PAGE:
As you enter Terra Cuina you are “welcomed” by the impressive and eye catching floor-to-ceiling black and white photo of the Colla dels Castellers, the infamous human tower which is part of Catalan tradition. There are human tower teams and competitions that are popular in Spain. The restaurant is full of light which emanates from the floor-to-ceiling windows as well as the original, whimsical details of lighting fixtures made out of wine decanters and pepper mills. Many natural elements of wood, brick and iron can be seen throughout the restaurant. All the tables have tiny potted plants that add to the charm, simplicity and “at home” feeling of Terra Cuina. A long chef’s table (can easily seat 10 or more people) is located on one side of the restaurant in front of the kitchen. This table, with a selection of wonderful black and white photos of Spain situated on the wall nearby, can be reserved.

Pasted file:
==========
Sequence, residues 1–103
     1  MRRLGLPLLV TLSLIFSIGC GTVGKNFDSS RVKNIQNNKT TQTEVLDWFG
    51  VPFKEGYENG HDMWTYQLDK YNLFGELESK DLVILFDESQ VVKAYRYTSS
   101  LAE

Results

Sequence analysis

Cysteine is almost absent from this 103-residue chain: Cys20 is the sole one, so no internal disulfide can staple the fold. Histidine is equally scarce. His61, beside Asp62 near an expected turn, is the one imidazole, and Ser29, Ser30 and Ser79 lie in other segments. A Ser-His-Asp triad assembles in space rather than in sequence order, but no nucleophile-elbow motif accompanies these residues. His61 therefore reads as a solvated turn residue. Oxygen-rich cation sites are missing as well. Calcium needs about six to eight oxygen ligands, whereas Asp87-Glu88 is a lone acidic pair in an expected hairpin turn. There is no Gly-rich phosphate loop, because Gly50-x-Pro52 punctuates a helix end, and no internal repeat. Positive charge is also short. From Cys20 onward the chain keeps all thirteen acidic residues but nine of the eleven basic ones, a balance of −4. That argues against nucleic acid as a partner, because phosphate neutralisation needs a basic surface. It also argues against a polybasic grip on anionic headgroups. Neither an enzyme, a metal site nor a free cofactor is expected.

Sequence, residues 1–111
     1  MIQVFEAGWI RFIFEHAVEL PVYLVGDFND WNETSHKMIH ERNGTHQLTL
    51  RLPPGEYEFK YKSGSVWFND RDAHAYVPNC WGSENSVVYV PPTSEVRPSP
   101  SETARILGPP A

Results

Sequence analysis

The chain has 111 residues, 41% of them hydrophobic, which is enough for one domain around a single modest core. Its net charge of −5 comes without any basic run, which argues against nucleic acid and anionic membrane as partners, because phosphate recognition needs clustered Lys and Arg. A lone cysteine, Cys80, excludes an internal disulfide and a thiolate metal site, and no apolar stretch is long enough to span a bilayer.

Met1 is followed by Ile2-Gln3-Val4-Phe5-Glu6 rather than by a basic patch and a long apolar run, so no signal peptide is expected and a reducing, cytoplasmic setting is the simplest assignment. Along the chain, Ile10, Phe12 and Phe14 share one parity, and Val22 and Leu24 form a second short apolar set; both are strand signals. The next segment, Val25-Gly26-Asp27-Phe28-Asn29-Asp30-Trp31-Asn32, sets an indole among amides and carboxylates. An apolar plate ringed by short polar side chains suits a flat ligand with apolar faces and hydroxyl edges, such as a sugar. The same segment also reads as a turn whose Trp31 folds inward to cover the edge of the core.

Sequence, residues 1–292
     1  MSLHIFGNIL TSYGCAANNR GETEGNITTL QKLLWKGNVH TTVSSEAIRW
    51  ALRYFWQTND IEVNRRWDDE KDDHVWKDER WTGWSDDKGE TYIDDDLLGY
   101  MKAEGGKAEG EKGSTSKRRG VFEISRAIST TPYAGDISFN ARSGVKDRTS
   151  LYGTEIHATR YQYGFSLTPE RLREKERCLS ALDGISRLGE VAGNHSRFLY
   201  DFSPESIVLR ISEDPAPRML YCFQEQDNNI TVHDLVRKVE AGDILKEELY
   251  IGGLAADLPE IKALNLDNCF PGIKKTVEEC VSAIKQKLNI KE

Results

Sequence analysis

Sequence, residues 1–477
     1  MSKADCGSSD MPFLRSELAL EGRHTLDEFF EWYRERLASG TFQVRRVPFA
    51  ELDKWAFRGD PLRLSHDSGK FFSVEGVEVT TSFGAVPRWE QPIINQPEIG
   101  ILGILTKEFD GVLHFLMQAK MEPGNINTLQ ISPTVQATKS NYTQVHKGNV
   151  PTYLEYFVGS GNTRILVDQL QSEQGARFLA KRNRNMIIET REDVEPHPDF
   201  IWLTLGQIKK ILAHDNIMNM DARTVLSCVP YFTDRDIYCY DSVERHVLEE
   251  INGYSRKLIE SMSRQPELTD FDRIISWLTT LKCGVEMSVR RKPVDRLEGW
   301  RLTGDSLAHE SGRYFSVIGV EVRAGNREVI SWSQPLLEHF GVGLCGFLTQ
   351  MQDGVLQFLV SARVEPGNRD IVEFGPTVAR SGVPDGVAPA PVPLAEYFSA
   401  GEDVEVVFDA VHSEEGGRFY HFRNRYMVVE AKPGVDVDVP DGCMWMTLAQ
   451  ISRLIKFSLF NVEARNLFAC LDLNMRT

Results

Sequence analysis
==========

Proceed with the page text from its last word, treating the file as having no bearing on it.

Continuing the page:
(Photo: AmaraPhotos)

A plate of pan con tomate (bread with tomato) arrives at every table. This simple and humble dish originated in Cataluña and is considered to be one of the most well-loved, widely eaten dishes in Catalan cuisine. The plate of thickly cut, lightly grilled rustic bread is generously smeared with tomato, olive oil, and sal de maras. It’s addictive! So much so that my love for bread with butter could easily be replaced with pan con tomate.

Our first tapa was the croquetas del corral (S/ 20), six plump chicken and vegetable croquettes. The croquettes are all about texture: the exterior crunchiness from the golden brown panko crust and the creaminess inside from the free range chicken (roasted for two hours) and vegetables.